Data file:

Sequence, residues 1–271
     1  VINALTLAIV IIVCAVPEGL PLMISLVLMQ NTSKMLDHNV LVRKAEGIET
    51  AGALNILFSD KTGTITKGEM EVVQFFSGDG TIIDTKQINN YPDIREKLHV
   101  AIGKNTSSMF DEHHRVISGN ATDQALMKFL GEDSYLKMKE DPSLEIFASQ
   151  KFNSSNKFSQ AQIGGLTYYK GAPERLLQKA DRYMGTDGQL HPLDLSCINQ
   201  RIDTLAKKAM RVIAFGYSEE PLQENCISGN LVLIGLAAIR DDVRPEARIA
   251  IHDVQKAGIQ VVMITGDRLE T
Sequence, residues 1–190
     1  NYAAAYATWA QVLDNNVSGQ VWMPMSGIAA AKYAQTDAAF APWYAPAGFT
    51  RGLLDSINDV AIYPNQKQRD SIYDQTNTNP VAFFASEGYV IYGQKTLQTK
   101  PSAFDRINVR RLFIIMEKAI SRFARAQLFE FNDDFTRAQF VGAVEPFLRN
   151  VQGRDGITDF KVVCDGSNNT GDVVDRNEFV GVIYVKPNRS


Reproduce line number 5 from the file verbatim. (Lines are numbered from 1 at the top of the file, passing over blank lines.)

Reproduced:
   151  KFNSSNKFSQ AQIGGLTYYK GAPERLLQKA DRYMGTDGQL HPLDLSCINQ